Previously I've been able to drop the kids off very close to home and double back, and when I had only one kid I dropped him off using the Burley.

On the bright side, at the end of the summer everything will be close to home again, and my oldest son will ride the bus.
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Old 04-04-11, 08:22 AM   #8
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This summer I'll have to drive my oldest son half way across town to his summer camp day care, in an opposite direction from work. I don't see how I'll fit in the time to drive back and hop on the bike, work my full day and bike home again in time for dinner.
Do you own a rack? I take my daughter to school with the bike on the back of the car, and then park and ride from there... is that a possibility? Or is it just too far?
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Old 04-04-11, 08:58 AM   #9
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coolio, I still see you as someone who rode a bicycle 1003 miles more than most people in the U.S. do. Keep up the good work.
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Old 04-04-11, 09:08 AM   #10
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coolio, you say that you "sometimes" drive your daughter to the drop off, does that mean that you also sometimes take her by bike?
Why is the yearly mileage relevant? Would you say that you are riding mostly because of the exercise, to reduce driving (for the environment) or save money?
If you ride for the exercise, it would be smart to do longer rides regularly (once a week or so), or even develop a more ambitious training plan, in that way you can just decide what yearly mileage you want and go for it!
If you ride to reduce driving, obviously you should try to figure out a way where you can ride with your daughter to school, perhaps with a new piece of equipment (like a burley or tug-along). That would be a good way to show her by example that there are alternatives to driving and normalize alternative transport in general.
If you ride mostly to save money, we will need a whole lot of more information to calculate the costs of all the alternatives (which could include walking, riding, taking the bus, car-pooling and driving).
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Old 04-05-11, 07:29 AM   #11
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Do you own a rack? I take my daughter to school with the bike on the back of the car, and then park and ride from there... is that a possibility? Or is it just too far?
I do have a rack, but my house, my workplace, and the summer camp are spread apart like the vertices of a triangle. The ride between the summer camp and work is also longer and less pleasant than from my home to work. It's not worth it to me to ride back to the summer camp at the end of the day to fetch my car and drive it home; I'd rather drive the car home in the morning and bike from there.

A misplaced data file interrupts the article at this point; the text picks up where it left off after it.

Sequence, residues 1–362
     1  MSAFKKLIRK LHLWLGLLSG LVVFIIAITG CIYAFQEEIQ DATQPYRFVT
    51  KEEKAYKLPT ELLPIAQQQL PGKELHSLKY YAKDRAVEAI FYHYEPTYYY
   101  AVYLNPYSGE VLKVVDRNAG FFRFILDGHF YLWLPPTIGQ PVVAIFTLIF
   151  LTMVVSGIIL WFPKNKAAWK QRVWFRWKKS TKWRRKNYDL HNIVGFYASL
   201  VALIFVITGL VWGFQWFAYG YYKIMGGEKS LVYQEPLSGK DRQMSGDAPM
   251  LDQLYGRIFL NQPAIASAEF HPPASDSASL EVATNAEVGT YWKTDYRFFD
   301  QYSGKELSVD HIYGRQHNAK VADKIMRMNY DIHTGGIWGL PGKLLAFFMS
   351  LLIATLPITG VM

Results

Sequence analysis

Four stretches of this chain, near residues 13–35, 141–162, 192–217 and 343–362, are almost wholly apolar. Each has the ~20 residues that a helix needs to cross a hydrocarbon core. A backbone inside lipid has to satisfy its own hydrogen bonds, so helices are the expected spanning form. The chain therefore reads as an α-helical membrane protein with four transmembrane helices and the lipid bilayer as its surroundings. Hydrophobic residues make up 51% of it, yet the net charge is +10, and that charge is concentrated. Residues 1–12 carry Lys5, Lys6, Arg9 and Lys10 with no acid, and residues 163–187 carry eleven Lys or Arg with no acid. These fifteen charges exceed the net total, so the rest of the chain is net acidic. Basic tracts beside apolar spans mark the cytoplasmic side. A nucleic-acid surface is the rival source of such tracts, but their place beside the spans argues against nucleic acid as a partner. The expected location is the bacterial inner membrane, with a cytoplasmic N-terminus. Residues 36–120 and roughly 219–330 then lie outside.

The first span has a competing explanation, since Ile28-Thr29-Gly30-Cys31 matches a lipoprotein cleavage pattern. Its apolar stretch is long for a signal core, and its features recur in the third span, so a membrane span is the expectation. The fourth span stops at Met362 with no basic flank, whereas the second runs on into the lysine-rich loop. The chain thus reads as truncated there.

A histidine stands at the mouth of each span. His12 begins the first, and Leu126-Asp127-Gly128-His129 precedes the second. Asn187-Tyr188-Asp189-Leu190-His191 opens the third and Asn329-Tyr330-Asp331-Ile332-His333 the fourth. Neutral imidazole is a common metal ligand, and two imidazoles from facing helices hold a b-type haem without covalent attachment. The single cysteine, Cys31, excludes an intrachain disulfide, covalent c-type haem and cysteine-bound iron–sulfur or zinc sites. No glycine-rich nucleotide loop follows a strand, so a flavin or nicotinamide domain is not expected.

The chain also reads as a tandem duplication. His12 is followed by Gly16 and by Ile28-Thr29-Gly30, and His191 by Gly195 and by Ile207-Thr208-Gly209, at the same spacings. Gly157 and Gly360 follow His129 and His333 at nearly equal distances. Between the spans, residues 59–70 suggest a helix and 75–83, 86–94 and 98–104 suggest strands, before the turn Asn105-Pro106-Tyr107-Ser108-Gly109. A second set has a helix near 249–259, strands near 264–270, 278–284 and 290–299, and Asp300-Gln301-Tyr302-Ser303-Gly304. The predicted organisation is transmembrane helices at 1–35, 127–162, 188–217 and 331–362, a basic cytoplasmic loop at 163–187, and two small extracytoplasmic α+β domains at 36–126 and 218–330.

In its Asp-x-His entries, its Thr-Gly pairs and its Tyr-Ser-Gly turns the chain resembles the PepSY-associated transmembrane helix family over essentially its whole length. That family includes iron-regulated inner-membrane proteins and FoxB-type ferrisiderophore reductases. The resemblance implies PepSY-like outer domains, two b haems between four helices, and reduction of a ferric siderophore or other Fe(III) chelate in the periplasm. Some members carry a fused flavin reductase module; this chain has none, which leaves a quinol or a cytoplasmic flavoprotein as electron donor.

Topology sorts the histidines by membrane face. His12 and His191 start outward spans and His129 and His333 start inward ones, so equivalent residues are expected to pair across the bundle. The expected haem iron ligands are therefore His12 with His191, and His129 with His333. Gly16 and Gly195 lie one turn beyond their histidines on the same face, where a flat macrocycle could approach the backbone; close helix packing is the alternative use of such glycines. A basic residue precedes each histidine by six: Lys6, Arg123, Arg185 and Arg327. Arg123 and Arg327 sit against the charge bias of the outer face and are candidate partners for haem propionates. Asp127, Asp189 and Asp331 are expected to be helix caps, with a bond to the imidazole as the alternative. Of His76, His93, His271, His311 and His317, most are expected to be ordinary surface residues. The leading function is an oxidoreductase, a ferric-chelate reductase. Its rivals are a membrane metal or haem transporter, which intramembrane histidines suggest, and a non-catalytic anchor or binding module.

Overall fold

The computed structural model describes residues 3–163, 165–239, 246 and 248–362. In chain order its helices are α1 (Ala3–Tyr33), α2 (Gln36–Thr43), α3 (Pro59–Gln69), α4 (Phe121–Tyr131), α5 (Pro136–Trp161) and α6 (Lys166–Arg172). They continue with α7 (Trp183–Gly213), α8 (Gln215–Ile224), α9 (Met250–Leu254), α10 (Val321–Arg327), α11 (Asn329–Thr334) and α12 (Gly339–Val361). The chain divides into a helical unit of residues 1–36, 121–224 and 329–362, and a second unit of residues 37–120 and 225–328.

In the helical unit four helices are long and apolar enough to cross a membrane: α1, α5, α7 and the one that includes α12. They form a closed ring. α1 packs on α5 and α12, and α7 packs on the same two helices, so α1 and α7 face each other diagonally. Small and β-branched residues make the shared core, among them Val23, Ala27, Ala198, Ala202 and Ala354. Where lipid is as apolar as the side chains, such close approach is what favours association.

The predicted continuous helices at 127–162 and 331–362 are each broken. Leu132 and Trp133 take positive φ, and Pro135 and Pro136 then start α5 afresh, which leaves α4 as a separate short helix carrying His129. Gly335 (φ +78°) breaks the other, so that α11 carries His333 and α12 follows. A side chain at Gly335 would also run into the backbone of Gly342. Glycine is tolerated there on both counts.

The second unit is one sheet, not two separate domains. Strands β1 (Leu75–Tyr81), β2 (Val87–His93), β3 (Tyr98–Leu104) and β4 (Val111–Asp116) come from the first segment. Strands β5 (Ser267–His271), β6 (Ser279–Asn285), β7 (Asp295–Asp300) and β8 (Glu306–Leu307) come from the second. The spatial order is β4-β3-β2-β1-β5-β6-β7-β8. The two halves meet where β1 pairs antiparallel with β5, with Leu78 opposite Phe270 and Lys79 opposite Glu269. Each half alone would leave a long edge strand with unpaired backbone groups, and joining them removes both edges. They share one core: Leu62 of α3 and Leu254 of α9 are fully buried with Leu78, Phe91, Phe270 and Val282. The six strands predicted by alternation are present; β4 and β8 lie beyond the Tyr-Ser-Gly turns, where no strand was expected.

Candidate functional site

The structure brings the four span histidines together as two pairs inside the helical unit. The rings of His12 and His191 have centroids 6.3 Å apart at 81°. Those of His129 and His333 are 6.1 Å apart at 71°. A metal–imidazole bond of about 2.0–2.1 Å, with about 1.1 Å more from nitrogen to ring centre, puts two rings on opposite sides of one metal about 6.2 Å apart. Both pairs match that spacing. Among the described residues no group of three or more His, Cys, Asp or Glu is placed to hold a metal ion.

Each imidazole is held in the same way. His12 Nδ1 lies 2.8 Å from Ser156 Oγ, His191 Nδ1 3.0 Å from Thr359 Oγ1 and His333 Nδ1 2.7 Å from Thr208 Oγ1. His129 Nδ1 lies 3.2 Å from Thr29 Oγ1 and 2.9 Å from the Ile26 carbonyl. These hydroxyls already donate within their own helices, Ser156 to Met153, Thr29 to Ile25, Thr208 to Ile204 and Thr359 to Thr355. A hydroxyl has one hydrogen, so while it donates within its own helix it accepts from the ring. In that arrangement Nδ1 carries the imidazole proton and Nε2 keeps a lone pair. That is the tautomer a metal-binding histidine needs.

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Old 04-05-11, 02:45 PM   #12
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Thanks for the suggestions, all. Cycling with my daughter to school is pretty impossible. The road infrastructure around the school is not bike friendly. First, there is an uphill bridge with a slim sidewalk that would be very tight with a burley. It is a 4 lane road and I would not like to subject my daughter to the honks that would undoubtedly come if I took the lane. A tag along would work, but she is getting heavier and I’ve noticed that the tag along sways more with her increased weight. There’s just a natural fear that she could sway left and go into the road with a car hitting her if I took the sidewalk.

This bridge goes over a 6 lane highway. I could go further down the road about half mile and cross in a pedestrian bridge. It has its own set of issues. On both ends there is a pole dividing it that would make it very difficult for a burley to fit thru. Also, for some reason the surface is metal and on wet dewy days, the rubber on my bike slips and slides. I haven’t tried it on icy days but I imagine it would be worse.

I ride because I enjoy the feeling of it. Gas savings and exercise are good side benefits, but really I just enjoy getting out and riding. Someone had a signature here that said something like, “Work is what separates my bike rides.” And, that’s just how I feel. Right now, I drive her to school and on the best days, go back home and ride to work.

Great to hear from commuters who have kids and work and try to get their rides in. Thanks, again.

Last edited by coolio; 04-05-11 at 02:46 PM. Reason: too much spacing.